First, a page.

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The Importance of Food Safety in Live Essay

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Updated: Apr 8th, 2022

Introduction

All living things require food for healthy growth and development. Despite its importance however, food can easily transmit disease-causing pathogens from one organism to another, in this case, people. According to Redman, food can also serve as a host or medium for growth and development of pathogens especially bacteria that cause food poisoning and conditions such as typhoid and cholera (59).

Therefore, to avoid hazards caused by food poisoning, authorities have adopted various regulations and standards that have to be followed to ensure food safety. Sherrow defines food safety as the discipline that deals and gives guidelines on appropriate ways of food handling, preparation and storage to avoid illness associated with improper food handling (23).

Food safety involves five key principles that include prevention of contamination, separation of raw from cooked foods, cooking food in the right temperature and length of time, proper storage and use of safe and clean water for cooking purposes.

The above-mentioned principles are part of an elaborate system that details handling of food for safety. The food control system is an internationally recognized system that details various elements that are involved in food handling and to ensure safety and fitness for human consumption.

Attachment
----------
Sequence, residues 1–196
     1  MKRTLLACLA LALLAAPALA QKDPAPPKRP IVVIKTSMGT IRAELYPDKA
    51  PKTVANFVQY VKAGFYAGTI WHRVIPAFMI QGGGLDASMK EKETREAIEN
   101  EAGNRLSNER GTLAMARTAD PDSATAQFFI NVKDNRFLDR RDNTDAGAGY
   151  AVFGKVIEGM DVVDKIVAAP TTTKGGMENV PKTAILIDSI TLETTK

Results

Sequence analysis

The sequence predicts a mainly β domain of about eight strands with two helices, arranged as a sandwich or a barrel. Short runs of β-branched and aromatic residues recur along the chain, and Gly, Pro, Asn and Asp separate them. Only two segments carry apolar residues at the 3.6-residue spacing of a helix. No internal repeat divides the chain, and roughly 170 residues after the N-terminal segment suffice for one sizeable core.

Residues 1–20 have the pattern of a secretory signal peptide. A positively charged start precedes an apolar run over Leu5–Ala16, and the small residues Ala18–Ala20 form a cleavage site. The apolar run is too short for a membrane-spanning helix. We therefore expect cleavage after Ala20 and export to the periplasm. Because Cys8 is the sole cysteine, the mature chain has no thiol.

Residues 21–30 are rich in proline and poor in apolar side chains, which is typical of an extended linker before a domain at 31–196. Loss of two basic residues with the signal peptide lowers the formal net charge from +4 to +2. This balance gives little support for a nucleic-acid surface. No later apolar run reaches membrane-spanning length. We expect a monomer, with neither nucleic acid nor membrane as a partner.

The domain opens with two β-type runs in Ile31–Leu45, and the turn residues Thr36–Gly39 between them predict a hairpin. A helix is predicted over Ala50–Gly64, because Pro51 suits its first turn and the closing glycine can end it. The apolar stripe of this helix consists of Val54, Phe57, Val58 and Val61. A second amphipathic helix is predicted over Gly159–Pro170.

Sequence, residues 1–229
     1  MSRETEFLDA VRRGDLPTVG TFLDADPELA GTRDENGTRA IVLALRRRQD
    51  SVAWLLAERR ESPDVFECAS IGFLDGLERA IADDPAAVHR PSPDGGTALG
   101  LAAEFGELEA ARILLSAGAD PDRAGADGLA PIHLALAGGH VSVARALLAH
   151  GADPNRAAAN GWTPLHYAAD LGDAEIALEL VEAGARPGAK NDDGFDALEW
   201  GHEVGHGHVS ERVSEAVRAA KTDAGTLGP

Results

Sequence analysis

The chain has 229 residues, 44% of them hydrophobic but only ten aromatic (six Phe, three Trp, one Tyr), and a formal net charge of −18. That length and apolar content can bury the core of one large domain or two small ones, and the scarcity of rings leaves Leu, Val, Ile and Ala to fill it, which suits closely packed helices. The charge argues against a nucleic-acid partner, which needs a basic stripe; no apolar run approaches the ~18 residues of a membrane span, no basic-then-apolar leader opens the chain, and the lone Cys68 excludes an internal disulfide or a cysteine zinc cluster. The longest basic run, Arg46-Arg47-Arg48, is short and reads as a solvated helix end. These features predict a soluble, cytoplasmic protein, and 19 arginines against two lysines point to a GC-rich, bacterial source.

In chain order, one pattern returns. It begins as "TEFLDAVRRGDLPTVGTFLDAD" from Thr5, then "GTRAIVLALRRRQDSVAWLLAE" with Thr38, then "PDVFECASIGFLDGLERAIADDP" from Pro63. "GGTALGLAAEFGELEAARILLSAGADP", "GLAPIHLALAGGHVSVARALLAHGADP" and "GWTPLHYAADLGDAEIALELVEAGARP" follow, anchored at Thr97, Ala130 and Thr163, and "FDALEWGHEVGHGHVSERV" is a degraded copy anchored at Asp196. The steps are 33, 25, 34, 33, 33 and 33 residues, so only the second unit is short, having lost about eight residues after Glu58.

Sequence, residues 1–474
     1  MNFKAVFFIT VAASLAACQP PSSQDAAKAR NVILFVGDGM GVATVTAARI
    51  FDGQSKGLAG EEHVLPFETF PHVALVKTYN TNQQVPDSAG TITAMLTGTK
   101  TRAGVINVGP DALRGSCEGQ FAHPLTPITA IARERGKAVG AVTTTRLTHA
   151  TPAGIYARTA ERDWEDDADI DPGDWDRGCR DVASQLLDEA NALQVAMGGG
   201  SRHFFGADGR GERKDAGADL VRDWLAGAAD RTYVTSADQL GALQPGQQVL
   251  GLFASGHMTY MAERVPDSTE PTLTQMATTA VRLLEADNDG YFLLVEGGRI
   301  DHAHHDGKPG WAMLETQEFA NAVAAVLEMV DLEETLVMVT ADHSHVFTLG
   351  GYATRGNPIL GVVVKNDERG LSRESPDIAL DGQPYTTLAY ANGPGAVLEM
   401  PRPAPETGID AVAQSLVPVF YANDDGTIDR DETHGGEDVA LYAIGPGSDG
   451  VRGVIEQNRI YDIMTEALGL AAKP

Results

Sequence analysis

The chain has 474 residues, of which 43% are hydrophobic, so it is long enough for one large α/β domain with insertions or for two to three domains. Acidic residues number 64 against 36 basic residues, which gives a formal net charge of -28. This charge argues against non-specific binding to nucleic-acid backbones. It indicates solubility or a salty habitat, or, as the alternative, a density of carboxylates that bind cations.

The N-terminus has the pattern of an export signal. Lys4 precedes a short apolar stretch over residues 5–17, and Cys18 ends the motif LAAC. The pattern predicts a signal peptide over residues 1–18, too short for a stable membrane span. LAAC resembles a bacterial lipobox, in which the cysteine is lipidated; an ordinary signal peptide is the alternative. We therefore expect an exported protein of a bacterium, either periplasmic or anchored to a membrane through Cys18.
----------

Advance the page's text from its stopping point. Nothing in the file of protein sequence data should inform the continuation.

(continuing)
Elements of Food Control System

The principles forming the food control system are generally described for every nation to adopt and modify according to its requirements. There is need for an effective national control system to ensure the safety of domestic consumers. Additional, they help national governments in ensuring that the foods entering international trade as well as those imported are safe and meet the quality and safety standards set nationally and internationally.

Hopper adds that the main objectives of a food control system are to protect the public of a particular country by reducing chances of the occurrence of food-borne illnesses, protecting consumers from dangers posed by mislabeled, unclean and unwholesome food and also contribution to economic growth and development through maintenance of consumer confidence (98).

The elements of a national food control system include a food law system, a food control strategy, food control functions, inspection services, laboratory or analytical services and compliance or enforcement services. According to Clute, the above-mentioned elements help in regulating safety of food that is produced, processed and marketed within a country including food that is imported.

Food law and regulation system

The successful implementation and maintenance of an effective food control system depend on adequate food legislation that is in place. Legislation which may also be referred to as food law consists of definitions of unsafe food and recommendation of effective tools that will be used to rid the market of unsafe foods and punitive measures of parties violating food safety standards. The regulation system gives a clear mandate and authority to those that are in charge to combat food safety problems.